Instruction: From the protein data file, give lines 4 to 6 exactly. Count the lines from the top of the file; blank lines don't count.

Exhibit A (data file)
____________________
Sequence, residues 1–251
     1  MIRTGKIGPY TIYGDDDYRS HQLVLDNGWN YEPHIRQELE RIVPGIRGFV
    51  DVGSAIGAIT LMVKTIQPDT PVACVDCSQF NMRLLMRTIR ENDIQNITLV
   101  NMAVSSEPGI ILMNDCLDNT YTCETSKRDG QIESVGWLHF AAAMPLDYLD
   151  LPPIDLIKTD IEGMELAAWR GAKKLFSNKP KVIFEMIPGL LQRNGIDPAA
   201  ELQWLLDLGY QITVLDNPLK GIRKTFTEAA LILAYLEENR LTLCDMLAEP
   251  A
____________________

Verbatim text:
   101  NMAVSSEPGI ILMNDCLDNT YTCETSKRDG QIESVGWLHF AAAMPLDYLD
   151  LPPIDLIKTD IEGMELAAWR GAKKLFSNKP KVIFEMIPGL LQRNGIDPAA
   201  ELQWLLDLGY QITVLDNPLK GIRKTFTEAA LILAYLEENR LTLCDMLAEP